Review: Crime: In the Darkness by Karin Fossum
Harvill Secker, £12.99, pbk, 320 pages
Available with free P&P on www.kennys.ie or by calling 091 709350
Karin Fossum, sometimes called the " Norwegian Queen of Crime," is one of Scandinavia's foremost crime writers. Her Inspector Konrad Sejer series first appeared in 1995 and now runs to ten.
Publication in English began in 2002 with Don't Look Back, chronologically second, and now at last we have the book that first introduced Sejer.
Fossum is different. A published poet at 20, she has worked as a nurse and in drug rehabilitation, and is noted for her empathy with the perpetrators as well as the victims of crime.
Her books are thought-provoking and often explore a particular theme. Here, for example, it's prostitution as a career choice. Her style is understated and deceptively simple.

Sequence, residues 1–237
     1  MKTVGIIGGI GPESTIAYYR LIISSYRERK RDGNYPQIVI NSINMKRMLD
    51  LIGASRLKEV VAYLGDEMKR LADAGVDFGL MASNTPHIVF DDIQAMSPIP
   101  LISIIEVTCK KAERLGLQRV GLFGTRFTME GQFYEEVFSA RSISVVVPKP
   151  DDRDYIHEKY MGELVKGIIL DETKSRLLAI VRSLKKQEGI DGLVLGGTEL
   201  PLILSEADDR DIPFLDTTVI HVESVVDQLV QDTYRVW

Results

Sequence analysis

She tends to base her stories in small rural communities rather than the big city and the crimes are, relatively uncomplicated but often with unforeseen consequences and a surprise twist in the end. Those involved are ordinary people pushed over the edge.
Her detectives play a subsidiary role, with little focus on their private thoughts unless they advance the plot.
In Inspector Sejer there is none of the brooding male detective encountered in Nesbo or Mankel. Indeed Fossum has said of Sejer that he is not intended to be a major character but is "in the book because he has a job to do".
Originally entitled Eva's Eyes, most of the book is told through the eyes of an artist, Eva Magnus.
Walking by the river with her daughter they see a body floating to the surface. He is identified as a man missing for months, throughout the Norwegian winter, for whom the trail has gone cold.
He went missing around the same time as the murder of a prostitute, still unsolved, but efforts to link the two have proved fruitless.
Following a break Sejer finds the common thread and begins to put the pieces together. A compelling read.